US President Trump Signs Hong Kong Human Rights And Democracy Act

Пятница, 29 Ноя, 2019

About 400 police officers, including crime investigators, a bomb squad and mediators, entered the locked-down campus along with firemen and psychiatrists in the early morning, but encountered no protesters.

If he does neither, they automatically become law after ten days.

"We have two objectives".

Hours before the police operation, a masked protester came out from his hiding and told reporters there are still less than 20 others holed up inside.

According to the rankings of Asia's 500 best universities released on Wednesday by Quacquarelli Symonds (QS), a London-based higher education analyst firm, Hong Kong's top three colleges, the University of Hong Kong, the University of Science and Technology, and the Chinese University of Hong Kong were ranked third, eighth and tenth respectively, each dropping one place from past year. The law has since been withdrawn, but the protests have continued over police violence and expanded demands. It also states that the human rights of the people of Hong Kong are of great importance to the United States and directly relevant to US interests in Hong Kong and for its continued economic prosperity.

Leung made the remarks while talking to CGTN, emphasizing that the motive behind the bill has nothing to do with Hong Kong, democracy, human rights and freedoms.

He said it is a pity that the police's hard-earned reputation was tarnished by the way they handled the monthslong demonstrations.

US President Donald Trump has signed two bills that supports human rights and pro-democracy protesters in Hong Kong, drawing angry objections from Beijing's Foreign Ministry.

"It's hard to guess at which point changes will come".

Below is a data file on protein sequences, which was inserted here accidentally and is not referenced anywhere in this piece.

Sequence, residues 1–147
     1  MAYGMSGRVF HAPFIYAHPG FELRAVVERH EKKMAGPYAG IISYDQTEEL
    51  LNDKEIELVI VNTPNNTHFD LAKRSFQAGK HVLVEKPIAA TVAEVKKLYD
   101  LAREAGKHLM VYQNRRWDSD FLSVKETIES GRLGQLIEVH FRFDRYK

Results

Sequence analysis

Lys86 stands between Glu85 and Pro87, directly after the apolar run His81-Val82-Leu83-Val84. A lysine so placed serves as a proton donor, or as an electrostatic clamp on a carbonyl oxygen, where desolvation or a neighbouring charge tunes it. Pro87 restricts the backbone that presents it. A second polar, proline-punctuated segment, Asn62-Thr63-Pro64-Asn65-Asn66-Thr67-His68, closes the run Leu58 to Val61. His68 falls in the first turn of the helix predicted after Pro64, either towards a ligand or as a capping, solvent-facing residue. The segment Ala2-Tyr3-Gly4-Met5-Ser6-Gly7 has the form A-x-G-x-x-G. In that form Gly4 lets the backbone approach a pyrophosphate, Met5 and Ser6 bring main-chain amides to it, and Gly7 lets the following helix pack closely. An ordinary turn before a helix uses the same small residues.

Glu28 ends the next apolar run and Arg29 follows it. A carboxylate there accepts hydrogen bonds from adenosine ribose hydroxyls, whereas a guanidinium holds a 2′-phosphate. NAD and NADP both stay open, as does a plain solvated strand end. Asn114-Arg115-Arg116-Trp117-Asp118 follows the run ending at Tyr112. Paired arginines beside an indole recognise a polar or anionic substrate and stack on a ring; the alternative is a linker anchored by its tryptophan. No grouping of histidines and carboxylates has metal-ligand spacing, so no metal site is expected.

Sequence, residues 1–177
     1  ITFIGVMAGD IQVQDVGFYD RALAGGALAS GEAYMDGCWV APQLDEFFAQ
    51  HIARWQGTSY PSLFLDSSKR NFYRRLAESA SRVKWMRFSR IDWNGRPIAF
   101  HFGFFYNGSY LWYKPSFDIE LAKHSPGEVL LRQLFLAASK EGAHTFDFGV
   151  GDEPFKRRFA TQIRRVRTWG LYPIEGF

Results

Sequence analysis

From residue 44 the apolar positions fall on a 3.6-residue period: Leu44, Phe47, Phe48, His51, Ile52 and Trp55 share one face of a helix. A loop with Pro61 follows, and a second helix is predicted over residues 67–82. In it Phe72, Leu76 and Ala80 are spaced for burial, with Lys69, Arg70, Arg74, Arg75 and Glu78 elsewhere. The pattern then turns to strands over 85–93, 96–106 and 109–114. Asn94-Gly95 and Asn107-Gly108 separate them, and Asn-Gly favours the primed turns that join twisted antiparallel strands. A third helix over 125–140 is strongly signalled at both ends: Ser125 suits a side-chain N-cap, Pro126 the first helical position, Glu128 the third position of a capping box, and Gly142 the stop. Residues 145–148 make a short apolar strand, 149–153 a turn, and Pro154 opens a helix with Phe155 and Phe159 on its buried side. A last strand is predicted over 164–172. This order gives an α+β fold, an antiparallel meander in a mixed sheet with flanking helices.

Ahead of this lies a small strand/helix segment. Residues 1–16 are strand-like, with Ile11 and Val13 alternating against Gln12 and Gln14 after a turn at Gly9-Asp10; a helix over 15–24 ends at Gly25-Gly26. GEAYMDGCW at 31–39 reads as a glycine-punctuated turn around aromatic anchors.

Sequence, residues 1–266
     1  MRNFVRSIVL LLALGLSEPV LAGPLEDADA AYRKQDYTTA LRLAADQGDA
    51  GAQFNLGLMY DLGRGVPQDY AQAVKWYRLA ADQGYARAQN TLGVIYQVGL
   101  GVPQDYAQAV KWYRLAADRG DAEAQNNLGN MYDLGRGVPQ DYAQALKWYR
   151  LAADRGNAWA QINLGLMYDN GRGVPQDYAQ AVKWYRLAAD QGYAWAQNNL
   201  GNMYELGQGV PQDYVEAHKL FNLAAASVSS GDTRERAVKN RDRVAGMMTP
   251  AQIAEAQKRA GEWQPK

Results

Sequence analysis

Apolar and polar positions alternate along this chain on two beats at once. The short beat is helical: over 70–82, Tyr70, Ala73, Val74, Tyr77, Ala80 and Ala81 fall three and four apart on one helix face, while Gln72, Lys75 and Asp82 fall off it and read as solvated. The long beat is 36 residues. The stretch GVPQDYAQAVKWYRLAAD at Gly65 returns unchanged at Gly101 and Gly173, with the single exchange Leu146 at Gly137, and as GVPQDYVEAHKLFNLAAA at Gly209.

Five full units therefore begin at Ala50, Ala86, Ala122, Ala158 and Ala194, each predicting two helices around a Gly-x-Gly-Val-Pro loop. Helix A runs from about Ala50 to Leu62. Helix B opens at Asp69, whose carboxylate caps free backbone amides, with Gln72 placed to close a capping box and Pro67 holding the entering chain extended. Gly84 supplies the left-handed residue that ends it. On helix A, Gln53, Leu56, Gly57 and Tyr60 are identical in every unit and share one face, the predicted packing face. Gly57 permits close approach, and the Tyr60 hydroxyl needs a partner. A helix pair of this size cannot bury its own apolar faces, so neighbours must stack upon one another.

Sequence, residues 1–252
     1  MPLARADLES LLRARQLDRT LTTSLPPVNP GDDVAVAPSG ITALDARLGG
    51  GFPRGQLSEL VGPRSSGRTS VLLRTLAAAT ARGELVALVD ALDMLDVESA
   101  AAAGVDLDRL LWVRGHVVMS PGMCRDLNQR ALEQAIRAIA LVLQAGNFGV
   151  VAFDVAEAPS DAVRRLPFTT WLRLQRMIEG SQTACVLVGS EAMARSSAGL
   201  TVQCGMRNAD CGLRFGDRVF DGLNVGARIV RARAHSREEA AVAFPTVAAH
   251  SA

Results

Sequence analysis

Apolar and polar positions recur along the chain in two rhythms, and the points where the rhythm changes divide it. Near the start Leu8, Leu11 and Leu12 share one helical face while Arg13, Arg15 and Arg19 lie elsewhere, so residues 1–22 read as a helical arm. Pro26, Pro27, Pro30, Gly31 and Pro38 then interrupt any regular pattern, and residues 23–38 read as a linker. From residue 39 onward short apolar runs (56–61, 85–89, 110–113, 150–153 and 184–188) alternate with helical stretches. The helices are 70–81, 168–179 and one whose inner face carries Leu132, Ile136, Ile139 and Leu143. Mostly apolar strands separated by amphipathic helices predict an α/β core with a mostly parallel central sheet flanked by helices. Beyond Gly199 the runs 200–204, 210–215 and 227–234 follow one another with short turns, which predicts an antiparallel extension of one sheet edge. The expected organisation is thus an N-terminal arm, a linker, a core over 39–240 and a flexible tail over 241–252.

The person familiar with the matter said by publicly expressing such reservations Trump could be trying to assure the Chinese that he will not act to implement the toughest measures unless they sharply intensify their crackdown in Hong Kong.

The legislation in support of the protesters requires annual reviews of Hong Kong's special trade status under American law - and sanctions against any officials deemed responsible for human rights abuses or undermining the city's autonomy.

Trump also signed legislation banning sales of tear gas, rubber bullets and other equipment used by Hong Kong security forces in putting down the protests.

Demonstrators took to the streets shortly after the president signed the legislation.

"Now it's time for them to reconsider their hardline policy, (to) deescalate the situation (and) investigate on police brutality", he said. It also claims the US has "sinister intentions" and its "plot" is "doomed to fail".

The Hong Kong and Macao Affairs Office, Beijing's top body in the city, called the US the "biggest black hand".

He said Beijing only promised "high degree of autonomy", not full autonomy, when the former British colony returned to its rule in 1997.

Trade between Hong Kong and the United States was estimated at $67.3 billion in 2018, with the United States running a $33.8-billion surplus, its biggest with any country or territory, the Office of the U.S. Trade Representative says.

An associate professor with Peking University's School of Governance who wished to remain anonymous told Asia Times that in a nutshell, the Hong Kong act would simply request the USA state secretary to produce an annual report on the state of the city to determine if any sanctions or scrapping of preferential treatment would be warranted.